Do You Need a Sales Funnel?
Does your business need a sales funnel?
No matter what you sell, getting prospective customers to buy doesn’t happen instantly. Growing your business with online marketing can be a confusing, frustrating, and downright foggy experience.
Do you still need a sales funnel if you already have a website?
The answer is yes!
If you don’t currently have a well-designed sales page, you will probably only convert at 1-2%, leaving a lot of money on the table.
Buyers need to be guided, incentivised, encouraged, and inspired to take action. That’s what sales funnels are here for!
And if you’re wondering if this will work for your type of business, the answer is yes. Many people think that their business is different and worry that funnels may not work for them. The reality is that funnels work for any type of business trying to generate leads or create customers – the funnel just needs to be tailored to them.
So, what is a sales funnel?
A sales funnel is the customer’s path from first hearing about your product or service to purchasing that product or service. Without a strong funnel, even the most brilliant products aren’t going to get to the people who need them most.
Have you come across these strange acronyms ToFu, MoFu, BoFu? These are nothing more than the stages of a sales funnel.
Site visitors are at the top of the funnel (ToFu) when they’re initially interested in your product or service.
The middle of the funnel (MoFu) is achieved when the visitor clearly defines their problem and narrows down certain solutions. Your product or service is now being considered!
At the bottom of the sales funnel, you’ll find your BoFu leads – these potential customers are highly qualified and well on their way to making a purchase.
Measuring your customer’s journey from the Top (Target Audience), Middle (Potential Customers), and Bottom (New & Existing Customers) of a sales funnel is vital!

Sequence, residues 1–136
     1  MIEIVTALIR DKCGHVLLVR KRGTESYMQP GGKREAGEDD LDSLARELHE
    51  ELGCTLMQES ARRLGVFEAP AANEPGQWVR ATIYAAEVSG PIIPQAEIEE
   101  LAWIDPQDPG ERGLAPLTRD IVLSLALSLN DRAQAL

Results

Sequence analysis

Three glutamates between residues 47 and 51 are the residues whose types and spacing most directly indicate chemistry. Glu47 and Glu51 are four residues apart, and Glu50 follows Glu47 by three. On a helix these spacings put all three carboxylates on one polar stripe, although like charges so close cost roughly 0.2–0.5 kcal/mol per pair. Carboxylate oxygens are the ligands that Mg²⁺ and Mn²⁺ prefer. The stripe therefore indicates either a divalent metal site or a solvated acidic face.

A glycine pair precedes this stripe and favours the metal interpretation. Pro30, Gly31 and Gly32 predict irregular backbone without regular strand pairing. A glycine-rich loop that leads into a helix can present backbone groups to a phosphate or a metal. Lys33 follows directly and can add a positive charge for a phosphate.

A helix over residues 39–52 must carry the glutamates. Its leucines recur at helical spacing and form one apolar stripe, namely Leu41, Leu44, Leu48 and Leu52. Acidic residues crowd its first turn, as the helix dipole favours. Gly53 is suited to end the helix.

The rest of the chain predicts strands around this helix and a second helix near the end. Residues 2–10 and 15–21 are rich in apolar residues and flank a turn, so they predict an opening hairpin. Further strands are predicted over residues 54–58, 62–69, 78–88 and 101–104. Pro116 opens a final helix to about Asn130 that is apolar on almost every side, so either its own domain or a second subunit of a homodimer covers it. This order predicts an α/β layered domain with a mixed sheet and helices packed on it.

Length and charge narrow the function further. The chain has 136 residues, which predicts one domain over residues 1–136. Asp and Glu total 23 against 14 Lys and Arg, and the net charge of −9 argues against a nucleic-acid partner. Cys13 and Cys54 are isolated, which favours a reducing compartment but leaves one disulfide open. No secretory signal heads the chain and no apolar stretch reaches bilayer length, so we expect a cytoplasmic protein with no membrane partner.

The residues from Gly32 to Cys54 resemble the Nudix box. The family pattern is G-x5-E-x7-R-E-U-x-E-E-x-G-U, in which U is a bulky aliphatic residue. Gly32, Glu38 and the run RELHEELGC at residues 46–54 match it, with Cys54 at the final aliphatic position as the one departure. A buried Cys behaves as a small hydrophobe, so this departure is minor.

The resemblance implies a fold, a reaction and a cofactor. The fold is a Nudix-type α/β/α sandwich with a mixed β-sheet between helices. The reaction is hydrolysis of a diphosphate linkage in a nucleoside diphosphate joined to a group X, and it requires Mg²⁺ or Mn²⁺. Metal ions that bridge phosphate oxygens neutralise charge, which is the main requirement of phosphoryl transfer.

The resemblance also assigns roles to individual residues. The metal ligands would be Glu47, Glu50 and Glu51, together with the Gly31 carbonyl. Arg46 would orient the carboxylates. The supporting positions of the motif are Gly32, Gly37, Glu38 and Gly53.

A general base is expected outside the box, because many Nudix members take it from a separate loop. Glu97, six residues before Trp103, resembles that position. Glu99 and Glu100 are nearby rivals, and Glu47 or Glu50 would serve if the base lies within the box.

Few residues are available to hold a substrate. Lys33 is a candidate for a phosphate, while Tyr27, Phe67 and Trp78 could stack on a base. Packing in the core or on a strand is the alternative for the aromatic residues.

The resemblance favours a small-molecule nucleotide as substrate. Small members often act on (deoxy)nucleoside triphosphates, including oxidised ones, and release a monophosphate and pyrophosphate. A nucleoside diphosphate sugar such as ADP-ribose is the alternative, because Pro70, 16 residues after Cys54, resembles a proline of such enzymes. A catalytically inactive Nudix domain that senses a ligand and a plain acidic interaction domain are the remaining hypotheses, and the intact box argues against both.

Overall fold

In reality, every online business has some sort of a sales funnel in place because they all need to convert potential customers into leads and then into paying customers.
Sales funnels are created with one goal in mind, and there are many goals to choose from. Some sales funnels are for lead generation, whilst others are for sales, webinars attendance, and high-ticket offers.
Here are some general tips to follow when creating your sales funnels.
1. Drive high-quality traffic
The foundation for any profitable sales funnel is high-quality traffic. Low-quality traffic that isn’t interested in what you’re offering (or can’t afford it) — will always result in a low conversion rate and a high cost per conversion.
So, you shouldn’t target everyone. This is the most common lead generation mistake. You need to know your ideal customer and understand their pain points. What their problem is, and what their fears are.
Your aim should be to find a painful problem that your ideal customers are struggling with, which is either the same or related to the problem that your frontend offer solves.
Remember that clients may think about their sub-problems and not really about the big picture – their main problem. It is your job to identify it.
A good way of defining your target audience is by creating buyer personas. You can’t get to know every customer or prospect individually, but you can create a customer persona to represent your customer base.
Refer to this model customer as if they were a real person. This will allow you to craft marketing messages targeted specifically to them.
2. Create value
Your offer should be so compelling that your customer persona cannot say no to it.
Before you can sell someone one of your main products or services, you’ve got to draw them in with a compelling offer. This offer is called bait, and it’s just the beginning of the sales funnel.